The Toy “For Every Boy. For Every Girl.”

Jen Adams

The distinctive rumble-bump of the wheels over the pavement … that sharp ker-thunk as we cleared the dip at the end of the driveway … I can still hear the natural soundtrack of play as my sisters and I spent hours hauling each other around in our red Radio Flyer wagon, ecstatic to have the full freedom of our very own set of wheels.

We weren’t the only kids to be thrilled with one of Antonio Pasin’s creations. His original hand-made wagons, introduced in 1917, were one of the most sought-after Christmas gifts of the 1920s. In fact, they were such a lasting smash hit that even now I’d be surprised if there’s a child in your life under the age of five who doesn’t have one.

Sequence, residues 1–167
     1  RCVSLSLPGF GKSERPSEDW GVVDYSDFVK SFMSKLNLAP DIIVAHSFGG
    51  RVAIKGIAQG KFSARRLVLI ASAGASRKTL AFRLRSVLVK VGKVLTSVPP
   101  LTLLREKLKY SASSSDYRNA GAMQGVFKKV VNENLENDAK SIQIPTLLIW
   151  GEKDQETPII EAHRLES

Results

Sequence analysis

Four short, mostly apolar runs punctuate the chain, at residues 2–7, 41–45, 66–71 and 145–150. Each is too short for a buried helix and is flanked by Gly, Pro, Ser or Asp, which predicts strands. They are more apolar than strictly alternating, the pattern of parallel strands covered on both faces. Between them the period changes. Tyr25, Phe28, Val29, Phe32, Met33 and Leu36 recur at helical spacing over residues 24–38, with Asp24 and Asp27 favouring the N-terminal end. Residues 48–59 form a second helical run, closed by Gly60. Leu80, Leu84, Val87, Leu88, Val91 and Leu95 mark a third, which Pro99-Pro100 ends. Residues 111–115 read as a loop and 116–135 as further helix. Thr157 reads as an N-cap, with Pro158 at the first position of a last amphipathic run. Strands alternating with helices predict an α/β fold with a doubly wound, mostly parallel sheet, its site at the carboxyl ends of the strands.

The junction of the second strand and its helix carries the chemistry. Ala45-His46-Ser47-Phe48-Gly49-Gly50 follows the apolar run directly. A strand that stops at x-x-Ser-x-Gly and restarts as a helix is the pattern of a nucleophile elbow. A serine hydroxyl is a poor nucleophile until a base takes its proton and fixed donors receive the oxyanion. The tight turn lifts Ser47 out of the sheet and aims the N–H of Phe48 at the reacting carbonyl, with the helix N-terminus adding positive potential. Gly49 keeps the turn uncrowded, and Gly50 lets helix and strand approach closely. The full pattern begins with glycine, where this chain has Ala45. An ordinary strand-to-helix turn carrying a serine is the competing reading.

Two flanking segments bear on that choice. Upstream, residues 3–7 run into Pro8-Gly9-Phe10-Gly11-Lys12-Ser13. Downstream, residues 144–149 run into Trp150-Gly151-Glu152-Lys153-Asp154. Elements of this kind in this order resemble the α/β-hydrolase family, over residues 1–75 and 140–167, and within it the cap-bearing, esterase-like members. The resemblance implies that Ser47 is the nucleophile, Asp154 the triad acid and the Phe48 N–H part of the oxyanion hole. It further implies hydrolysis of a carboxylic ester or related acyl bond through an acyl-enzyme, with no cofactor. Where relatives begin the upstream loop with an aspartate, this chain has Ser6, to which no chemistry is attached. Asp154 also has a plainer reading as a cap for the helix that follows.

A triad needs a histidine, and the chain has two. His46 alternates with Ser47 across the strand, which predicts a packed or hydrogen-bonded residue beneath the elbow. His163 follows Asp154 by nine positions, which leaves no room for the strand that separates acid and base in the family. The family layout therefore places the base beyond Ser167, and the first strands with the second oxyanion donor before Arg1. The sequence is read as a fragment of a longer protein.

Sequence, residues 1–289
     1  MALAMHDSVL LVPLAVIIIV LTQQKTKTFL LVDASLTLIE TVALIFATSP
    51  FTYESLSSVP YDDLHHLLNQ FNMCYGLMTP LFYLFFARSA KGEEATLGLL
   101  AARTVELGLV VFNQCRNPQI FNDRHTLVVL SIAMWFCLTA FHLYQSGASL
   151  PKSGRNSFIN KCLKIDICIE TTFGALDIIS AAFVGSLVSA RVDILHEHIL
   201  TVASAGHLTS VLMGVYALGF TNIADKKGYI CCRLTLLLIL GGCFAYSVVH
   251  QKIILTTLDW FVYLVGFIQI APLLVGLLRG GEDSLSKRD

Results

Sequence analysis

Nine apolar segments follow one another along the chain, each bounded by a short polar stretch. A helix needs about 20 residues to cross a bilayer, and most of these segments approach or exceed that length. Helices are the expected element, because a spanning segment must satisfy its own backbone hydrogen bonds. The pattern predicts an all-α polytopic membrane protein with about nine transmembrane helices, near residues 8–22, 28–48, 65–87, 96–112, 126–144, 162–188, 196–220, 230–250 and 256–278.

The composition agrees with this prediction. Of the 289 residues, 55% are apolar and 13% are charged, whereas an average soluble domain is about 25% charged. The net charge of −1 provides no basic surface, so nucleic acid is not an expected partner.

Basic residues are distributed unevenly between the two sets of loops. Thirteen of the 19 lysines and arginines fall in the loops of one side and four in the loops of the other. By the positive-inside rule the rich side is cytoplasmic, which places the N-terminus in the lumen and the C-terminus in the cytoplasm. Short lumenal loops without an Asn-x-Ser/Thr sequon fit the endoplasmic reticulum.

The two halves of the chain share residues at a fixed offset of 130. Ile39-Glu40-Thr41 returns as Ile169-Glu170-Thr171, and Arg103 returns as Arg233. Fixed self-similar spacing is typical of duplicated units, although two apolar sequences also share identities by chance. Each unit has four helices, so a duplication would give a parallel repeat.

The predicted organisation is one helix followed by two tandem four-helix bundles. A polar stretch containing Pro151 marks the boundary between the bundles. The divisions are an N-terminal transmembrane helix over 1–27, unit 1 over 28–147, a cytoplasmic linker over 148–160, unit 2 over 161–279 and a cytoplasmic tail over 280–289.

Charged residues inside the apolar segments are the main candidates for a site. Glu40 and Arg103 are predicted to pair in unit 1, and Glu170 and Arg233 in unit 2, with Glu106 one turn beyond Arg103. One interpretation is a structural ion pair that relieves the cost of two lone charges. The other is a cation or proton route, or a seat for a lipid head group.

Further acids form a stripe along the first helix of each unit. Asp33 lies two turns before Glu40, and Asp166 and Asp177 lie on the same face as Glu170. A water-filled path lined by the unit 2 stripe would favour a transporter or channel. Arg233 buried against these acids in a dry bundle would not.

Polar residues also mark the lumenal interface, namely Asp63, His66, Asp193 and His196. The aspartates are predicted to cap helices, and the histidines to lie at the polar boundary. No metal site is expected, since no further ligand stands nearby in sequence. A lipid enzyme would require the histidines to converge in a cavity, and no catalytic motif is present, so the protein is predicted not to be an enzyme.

But the gift of a Radio Flyer isn’t so much about the wagon itself … it’s about what it represents.

Red steel Radio Flyers started out as wooden “Liberty Coasters.” Pasin chose the name to honor the Statue of Liberty and his new home in New York City. Originally from a small town outside Venice, Pasin had arrived in New York at the age of 16, by himself, after his family sold their mule to pay for his passage to America.

These days, that sounds quaint. But in 1913, cars were still a novelty item reserved for the uber-rich. Regular people walked, or, if you were lucky, rode a horse. Pasin’s family had basically swapped their sole means of transportation to give him a shot in the US.

And there he was, using his training as a cabinetmaker to build wagons for kids.